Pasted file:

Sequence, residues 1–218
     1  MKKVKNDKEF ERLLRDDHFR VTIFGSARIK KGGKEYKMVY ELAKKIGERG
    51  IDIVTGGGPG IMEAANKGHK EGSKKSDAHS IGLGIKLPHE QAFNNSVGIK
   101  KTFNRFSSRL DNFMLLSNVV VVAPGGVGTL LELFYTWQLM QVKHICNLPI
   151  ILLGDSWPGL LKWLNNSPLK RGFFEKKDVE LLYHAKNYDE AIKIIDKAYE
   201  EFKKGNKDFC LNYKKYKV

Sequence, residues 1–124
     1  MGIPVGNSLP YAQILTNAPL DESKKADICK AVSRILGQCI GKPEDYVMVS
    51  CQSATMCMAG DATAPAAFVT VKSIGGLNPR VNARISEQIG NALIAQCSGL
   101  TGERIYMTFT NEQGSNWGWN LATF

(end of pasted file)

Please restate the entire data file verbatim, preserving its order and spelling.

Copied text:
Sequence, residues 1–218
     1  MKKVKNDKEF ERLLRDDHFR VTIFGSARIK KGGKEYKMVY ELAKKIGERG
    51  IDIVTGGGPG IMEAANKGHK EGSKKSDAHS IGLGIKLPHE QAFNNSVGIK
   101  KTFNRFSSRL DNFMLLSNVV VVAPGGVGTL LELFYTWQLM QVKHICNLPI
   151  ILLGDSWPGL LKWLNNSPLK RGFFEKKDVE LLYHAKNYDE AIKIIDKAYE
   201  EFKKGNKDFC LNYKKYKV

Sequence, residues 1–124
     1  MGIPVGNSLP YAQILTNAPL DESKKADICK AVSRILGQCI GKPEDYVMVS
    51  CQSATMCMAG DATAPAAFVT VKSIGGLNPR VNARISEQIG NALIAQCSGL
   101  TGERIYMTFT NEQGSNWGWN LATF